"After the Party", by British author Cressida Connolly, is extremely difficult to rate and review. I had to force myself to read the first half or so, but found it picked up in the last half. The book is written in two voices; one in the third person by a somewhat unreliable narrator in 1938, and the second in the first person by Phyllis Forrester in 1979. We find out in the beginning that Forrester has spent time in prison - but for what crime is not made clear til much later in the book.
Phyllis Forrester, her husband, and three children have just returned to England from foreign business postings in 1938. Seeking to find a base in the country, they move to Sussex where Phyllis's two sisters live with their husbands. Phyllis is a bit at loose ends; her children are going off to school and her husband is supervising the building of a new house for the family. Both, though, become involved with the BU - "British Union" - the Oswald Moseley fascist organisation that her sisters and their husbands are already extremely active in. This time - pre-war - is prime for anti-war fervor in Britain, with Moselely's group advocating not getting involved in any future wars with Germany. As war begins in 1939, the BU and it's members are increasingly seen as possible domestic provocateurs.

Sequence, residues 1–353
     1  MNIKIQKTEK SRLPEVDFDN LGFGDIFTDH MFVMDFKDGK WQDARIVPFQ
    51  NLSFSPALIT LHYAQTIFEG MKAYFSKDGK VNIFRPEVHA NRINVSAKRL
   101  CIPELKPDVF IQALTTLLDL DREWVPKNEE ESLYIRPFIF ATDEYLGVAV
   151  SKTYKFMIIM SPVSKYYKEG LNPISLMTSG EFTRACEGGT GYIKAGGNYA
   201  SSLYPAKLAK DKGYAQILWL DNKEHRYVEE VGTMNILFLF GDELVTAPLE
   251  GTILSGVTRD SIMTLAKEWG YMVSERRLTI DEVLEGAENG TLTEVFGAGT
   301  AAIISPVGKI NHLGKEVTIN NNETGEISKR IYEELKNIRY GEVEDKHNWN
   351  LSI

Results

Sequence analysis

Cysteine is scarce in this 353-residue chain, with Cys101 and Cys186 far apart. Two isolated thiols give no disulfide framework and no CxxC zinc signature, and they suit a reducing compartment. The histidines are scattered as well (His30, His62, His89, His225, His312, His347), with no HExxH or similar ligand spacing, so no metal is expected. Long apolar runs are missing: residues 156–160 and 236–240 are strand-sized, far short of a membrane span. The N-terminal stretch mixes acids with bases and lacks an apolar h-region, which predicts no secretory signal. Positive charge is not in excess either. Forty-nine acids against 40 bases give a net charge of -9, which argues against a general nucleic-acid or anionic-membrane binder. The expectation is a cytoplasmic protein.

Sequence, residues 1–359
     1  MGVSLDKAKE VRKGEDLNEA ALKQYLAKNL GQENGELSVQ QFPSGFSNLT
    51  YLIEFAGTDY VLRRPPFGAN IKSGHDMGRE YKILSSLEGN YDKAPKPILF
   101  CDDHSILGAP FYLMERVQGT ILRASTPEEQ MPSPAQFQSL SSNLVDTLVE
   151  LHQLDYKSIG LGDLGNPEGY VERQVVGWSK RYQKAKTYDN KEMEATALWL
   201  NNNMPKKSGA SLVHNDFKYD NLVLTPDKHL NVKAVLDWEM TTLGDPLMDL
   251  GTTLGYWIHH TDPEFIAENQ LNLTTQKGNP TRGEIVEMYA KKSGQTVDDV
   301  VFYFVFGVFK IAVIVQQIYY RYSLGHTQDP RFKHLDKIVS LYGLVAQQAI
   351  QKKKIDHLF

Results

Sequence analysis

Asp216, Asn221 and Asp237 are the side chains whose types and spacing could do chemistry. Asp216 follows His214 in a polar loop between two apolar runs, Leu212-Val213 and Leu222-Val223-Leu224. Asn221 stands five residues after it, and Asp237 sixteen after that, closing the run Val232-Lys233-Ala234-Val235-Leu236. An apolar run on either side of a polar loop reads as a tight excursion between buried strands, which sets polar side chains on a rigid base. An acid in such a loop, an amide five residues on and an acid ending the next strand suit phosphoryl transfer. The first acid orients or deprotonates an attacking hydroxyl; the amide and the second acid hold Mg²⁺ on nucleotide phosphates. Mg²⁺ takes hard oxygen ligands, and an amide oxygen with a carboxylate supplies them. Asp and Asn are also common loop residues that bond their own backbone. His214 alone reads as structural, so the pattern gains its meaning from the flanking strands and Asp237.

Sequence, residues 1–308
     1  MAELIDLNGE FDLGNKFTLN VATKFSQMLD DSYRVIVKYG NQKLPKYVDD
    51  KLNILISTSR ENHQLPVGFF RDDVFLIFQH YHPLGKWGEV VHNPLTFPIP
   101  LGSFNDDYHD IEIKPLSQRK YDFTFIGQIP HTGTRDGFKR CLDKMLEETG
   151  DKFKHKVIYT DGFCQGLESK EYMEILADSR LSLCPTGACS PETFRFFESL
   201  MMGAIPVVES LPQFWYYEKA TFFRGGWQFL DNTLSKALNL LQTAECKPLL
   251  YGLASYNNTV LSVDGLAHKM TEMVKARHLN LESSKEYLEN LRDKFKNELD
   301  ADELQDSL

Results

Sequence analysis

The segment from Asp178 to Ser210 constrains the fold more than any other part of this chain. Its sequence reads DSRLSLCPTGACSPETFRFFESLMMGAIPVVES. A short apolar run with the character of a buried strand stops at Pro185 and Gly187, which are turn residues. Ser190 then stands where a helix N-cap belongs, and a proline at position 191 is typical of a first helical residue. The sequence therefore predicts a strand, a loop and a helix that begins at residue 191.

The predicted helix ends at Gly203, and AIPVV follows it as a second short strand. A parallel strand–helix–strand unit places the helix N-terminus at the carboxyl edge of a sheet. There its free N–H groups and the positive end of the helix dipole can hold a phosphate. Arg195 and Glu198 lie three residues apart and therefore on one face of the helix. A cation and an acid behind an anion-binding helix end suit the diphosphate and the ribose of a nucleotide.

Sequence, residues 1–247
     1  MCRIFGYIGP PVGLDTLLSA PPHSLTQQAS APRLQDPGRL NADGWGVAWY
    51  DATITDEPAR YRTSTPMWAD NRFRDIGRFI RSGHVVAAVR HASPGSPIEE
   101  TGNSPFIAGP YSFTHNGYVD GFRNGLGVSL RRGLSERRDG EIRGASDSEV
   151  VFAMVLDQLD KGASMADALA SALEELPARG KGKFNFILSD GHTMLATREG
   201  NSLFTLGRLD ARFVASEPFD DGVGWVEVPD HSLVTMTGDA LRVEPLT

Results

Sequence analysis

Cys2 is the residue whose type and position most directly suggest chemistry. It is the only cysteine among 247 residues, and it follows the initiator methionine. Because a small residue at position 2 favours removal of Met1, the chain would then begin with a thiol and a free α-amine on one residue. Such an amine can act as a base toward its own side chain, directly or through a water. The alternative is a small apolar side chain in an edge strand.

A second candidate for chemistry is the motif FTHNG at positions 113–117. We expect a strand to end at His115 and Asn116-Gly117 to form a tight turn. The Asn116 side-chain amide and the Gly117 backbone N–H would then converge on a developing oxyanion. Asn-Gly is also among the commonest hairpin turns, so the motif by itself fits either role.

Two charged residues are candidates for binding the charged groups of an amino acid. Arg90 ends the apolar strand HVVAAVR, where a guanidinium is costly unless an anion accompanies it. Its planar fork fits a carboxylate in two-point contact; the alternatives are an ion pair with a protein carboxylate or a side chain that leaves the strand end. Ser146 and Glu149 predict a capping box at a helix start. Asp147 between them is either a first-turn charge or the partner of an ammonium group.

But how active are Phyllis and her husband in the organisation? Not extremely so, unlike her sisters. Phyllis's main activities upon her resettlement in England seems to be generally drifting through life, making new friends and trying to navigate a difficult family situation. And that's why the first half of the book is so confounding - it bears little relationship to the second. If I was bored by the first part of the book, I'll say I was fascinated by the second. But how many readers will stick it out?
If you're thinking about buying "After the Party", I'd read as many reviews as I can. I'm giving the book three stars because I can't really recommend it...but then I really can't NOT recommend it! Other reviewers may be able to explain the conundrum of the book better than I can.